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1 hour ago, Jim D. said:

All of the Savour materials are available all the time, so you could easily view the videos at once and print out all the recipes (it isn't a "course" in the sense of Andrey). In my opinion, however, I think it is primarily in the decoration of bonbons that Kirsten Tibballs (of Savour) has the most to offer. I enjoy her videos a lot and she is a wonderful teacher (her recent video on the "feathering" technique, which is referred to on this forum as "dendrites," is presented in such a clear way that I was able to follow it the first time I tried).

 

But if it is chiefly recipes that you need at this point (as opposed to decoration of bonbons), then I would go an entirely different direction and purchase some books from Peter Greweling, Ewald Notter, and Jean-Pierre Wybauw. You don't really need videos to make a ganache. Once you see what the authors I listed have to say and develop your own offerings, then you could take a more advanced look at decorating techniques with Andrey Dubovik (I didn't find most of his recipes for fillings useful).

Great feedback Jim,  I´ve already bought Ewald Notter´s book when I started a month ago because I found the recipes so useful. I see I wasn't mistaken with my choice... Thanks again!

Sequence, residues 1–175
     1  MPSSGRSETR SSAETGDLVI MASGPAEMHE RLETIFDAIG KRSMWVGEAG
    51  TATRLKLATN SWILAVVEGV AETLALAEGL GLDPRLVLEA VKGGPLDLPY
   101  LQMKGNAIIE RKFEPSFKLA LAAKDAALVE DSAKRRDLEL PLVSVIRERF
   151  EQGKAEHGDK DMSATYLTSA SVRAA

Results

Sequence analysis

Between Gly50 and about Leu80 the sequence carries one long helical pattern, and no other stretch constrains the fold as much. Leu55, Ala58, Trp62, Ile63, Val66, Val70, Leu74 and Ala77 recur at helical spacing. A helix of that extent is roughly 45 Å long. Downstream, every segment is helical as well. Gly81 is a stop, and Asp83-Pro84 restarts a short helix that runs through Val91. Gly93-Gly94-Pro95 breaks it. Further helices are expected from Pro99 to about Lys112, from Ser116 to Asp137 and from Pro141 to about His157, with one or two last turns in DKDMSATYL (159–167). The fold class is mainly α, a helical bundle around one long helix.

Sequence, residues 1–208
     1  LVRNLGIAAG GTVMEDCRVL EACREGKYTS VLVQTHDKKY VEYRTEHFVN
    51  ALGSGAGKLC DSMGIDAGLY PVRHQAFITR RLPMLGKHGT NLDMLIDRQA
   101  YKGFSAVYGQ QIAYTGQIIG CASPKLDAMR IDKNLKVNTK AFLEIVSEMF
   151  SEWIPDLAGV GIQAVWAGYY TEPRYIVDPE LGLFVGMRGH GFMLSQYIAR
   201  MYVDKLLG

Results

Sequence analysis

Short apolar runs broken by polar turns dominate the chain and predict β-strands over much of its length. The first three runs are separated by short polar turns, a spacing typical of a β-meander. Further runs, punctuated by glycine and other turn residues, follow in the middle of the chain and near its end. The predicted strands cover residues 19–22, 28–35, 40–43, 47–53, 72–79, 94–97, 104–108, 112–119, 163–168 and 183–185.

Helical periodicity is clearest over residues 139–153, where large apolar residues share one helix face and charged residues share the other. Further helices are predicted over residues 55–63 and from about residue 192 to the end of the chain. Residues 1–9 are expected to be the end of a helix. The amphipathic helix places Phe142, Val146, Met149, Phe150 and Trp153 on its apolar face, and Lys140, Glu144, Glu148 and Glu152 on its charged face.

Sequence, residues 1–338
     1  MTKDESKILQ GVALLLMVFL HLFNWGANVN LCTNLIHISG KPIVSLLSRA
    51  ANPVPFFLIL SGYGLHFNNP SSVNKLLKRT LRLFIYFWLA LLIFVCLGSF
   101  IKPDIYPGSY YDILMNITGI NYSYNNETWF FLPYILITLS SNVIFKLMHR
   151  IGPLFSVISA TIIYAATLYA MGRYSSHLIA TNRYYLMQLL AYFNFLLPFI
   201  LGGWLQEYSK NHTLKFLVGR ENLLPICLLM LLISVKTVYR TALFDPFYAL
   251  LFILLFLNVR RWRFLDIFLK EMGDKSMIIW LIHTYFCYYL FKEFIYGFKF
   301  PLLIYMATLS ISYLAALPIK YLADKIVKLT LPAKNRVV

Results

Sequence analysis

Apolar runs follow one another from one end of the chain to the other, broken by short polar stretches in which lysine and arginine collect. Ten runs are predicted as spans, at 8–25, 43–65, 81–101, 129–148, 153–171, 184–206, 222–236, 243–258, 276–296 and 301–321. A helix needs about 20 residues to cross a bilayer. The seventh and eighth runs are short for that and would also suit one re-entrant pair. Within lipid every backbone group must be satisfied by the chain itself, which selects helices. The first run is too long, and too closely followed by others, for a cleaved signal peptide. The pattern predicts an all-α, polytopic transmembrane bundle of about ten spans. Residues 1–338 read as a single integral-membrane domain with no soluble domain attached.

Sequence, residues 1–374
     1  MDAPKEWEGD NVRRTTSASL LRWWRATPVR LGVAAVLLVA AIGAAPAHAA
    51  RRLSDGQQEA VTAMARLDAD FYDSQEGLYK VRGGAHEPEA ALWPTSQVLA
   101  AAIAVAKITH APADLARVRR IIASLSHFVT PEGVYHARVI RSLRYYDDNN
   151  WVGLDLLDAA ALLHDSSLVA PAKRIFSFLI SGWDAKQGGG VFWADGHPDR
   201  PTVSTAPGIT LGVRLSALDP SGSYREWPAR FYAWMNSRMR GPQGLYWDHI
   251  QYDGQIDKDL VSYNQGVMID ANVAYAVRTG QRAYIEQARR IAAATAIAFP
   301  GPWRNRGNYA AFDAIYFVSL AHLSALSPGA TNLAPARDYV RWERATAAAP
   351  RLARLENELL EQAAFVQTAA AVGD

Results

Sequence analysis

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1 hour ago, gfron1 said:

Looking at your work I don't think Andrey's class is where I would focus my time and money. I'm seeing so many online courses pop-up, and ultimately they're all trying to capitalize on the Instagram era of chocolate making where the newest design is what everyone wants to emulate. But, as Jim said, you already have emulated some of his designs which suggests that you have a good artistic eye for figuring out how techniques are performed. Find a workshop that solidifies your fundamentals and skills...not a design.

Thanks gfron1! Do yo have any recommendation for online workshops that teaches fundamentals? As I live in Argentina I don´have access to Savour, Melissa Coppel or another similar workshops...

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9 hours ago, Barb19 said:

Great feedback Jim,  I´ve already bought Ewald Notter´s book when I started a month ago because I found the recipes so useful. I see I wasn't mistaken with my choice... Thanks again!

As was stated recently in another thread, Greweling's Chocolates & Confections is highly recommended. He doesn't have as many recipes for bonbon fillings as Notter or Wybauw (though I use Greweling recipes in nearly every batch I make), and it is true that Notter has a great deal of information on theory and technique, most people consider Greweling the expert on those subjects.  If you want to know why something went wrong, he is the source. The same applies when you want to start developing your own fillings.